Horses (Equus caballus, a subspecies of Equus ferus) have many roles in Australian society and several equine industries contribute greatly to the Australian economy. A recognised major welfare and economic issue to the equine industry is abortion in mares which may be due to infectious or non-infectious causes. Although equine herpesvirus 1 (EHV-1) is considered as a principal cause of infectious abortion in horses, other infectious agents including Chlamydia psittaci, Coxiella burnetii, Toxoplasma gondii, and Leptospira spp. have also been identified as a cause of abortion. Additionally, some of the abortigenic infectious agents are zoonotic, with implications for both human and animal health. The present study investigated abortigenic pathogens in equine abortion cases in Australia using qPCR and metagenomic deep sequencing methods. Using qPCR the prevalence of EHV- 1, C. psittaci, C. burnetii, Leptospira spp. and T. gondii was determined in 600 aborted equine foetal tissues that were submitted from 1994 to 2019 to the diagnostic laboratories at the University of Melbourne.The overall prevalence of C. psittaci and C. burnetii was 6.5% (39/600, 95% CI: 4.7 – 8.8%) and 4% (21/600, 95% CI: 2.2 – 5.3%) respectively. None of the samples were positive for Leptospira spp. and T. gondii. C. psittaci and C. burnetii positive cases were detected in most years that were represented in this study. The prevalence of C. psittaci in Victoria, New South Wales, and South Australia was 7.6% (30/395, 95% CI: 5.4 – 10.6%) and 3.9% (7/182, 95% CI: 1.9 – 7.7%) and 15.4% (2/13, 95% CI: 4.3 – 42.2%) respectively. The prevalence of C. burnetii in Victoria and New South Wales was 3% (10/395, 95% CI: 1 – 5%) and 6% (11/182, 95% CI: 3 – 11%) respectively. These findings highlight the abortigenic potential of these agents in horses across wide geographical regions in Australia and underscore the importance of strict adherence to personal protection and biosecurity measures when dealing with cases of equine abortion. Genotyping and phylogenetic analysis performed on the archived C. psittaci positive samples, as well as samples from recent cases of equine reproductive loss in Victoria, revealed that the C. psittaci detected in the equine abortion cases clustered with the parrot-associated 6BC clade (Genotype A/ST24). The findings suggest that infection of horses may be due to spill-over from native Australian parrots. DNA from a total of 49 equine aborted foetal tissues and 8 placentas from normal deliveries were sequenced using next-generation sequencing (NGS) technology. Several potential abortigenic pathogens including Escherichia coli, Klebsiella pneumoniae, Klebsiella oxytoca, Streptococcus equi subspecies zooepidemicus, Pantoea agglomerans, Acinetobacter lwoffii, Acinetobacter calcoaceticus, and Chlamydia psittaci were identified at a high level of relative abundance in a number of the abortion cases. No novel potential abortigenic pathogens were identified. Although NGS offers enhanced diagnostic capability, the findings suggest that existing diagnostic methods to detect known pathogens may be appropriate for identifying infectious causes of equine abortion in Australia given some of the current NGS limitations. Improvements in NGS technologies are likely to facilitate the use of NGS for diagnostics in the future. Greater awareness of the different pathogens causing equine abortions in Australia may assist diagnostic accuracy, reduce human infections and limit disease spread and further losses.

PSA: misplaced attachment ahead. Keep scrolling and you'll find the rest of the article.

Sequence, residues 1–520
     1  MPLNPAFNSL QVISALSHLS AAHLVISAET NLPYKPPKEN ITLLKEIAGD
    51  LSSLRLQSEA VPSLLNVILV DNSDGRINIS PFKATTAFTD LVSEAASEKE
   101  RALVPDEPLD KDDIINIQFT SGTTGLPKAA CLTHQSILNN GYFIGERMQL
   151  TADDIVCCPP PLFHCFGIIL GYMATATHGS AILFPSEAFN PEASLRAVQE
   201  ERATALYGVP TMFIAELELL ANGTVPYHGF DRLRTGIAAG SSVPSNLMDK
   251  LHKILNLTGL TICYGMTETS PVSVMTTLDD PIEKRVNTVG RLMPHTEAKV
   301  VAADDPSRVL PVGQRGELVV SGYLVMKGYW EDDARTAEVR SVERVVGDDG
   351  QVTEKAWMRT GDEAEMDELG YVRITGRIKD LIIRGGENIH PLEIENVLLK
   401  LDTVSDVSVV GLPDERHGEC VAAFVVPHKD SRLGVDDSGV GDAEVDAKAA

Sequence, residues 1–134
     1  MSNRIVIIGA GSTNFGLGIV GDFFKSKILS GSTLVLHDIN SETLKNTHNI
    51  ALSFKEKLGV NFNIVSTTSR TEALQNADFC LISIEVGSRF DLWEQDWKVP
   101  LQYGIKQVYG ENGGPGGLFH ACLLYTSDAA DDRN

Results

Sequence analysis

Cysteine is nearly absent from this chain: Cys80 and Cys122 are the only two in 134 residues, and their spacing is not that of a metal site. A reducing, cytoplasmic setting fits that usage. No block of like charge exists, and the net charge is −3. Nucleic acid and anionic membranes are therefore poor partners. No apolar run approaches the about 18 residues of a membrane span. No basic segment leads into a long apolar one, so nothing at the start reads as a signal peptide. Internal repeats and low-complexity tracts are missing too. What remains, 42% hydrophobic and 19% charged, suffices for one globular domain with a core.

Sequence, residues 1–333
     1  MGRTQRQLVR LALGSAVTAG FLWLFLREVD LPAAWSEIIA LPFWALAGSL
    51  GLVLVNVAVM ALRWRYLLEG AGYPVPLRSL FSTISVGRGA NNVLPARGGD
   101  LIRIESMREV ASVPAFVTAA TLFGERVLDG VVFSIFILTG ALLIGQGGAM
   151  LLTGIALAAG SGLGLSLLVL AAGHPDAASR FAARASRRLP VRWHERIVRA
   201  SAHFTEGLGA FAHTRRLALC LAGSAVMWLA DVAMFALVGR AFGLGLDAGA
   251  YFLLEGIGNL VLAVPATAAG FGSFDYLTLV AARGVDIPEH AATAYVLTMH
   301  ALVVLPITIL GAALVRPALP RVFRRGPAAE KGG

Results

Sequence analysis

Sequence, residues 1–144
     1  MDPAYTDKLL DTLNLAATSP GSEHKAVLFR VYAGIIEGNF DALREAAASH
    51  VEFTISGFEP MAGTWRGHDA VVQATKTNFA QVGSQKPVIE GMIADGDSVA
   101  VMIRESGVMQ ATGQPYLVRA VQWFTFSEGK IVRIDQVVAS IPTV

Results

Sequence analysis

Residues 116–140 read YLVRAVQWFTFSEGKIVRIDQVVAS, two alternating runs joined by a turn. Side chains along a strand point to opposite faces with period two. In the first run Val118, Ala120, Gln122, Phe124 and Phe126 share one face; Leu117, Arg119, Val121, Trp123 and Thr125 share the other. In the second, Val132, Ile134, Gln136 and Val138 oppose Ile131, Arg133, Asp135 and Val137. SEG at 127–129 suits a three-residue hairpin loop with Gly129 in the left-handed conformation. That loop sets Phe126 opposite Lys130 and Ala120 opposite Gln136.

The Role of Rehabilitation in Disaster Settings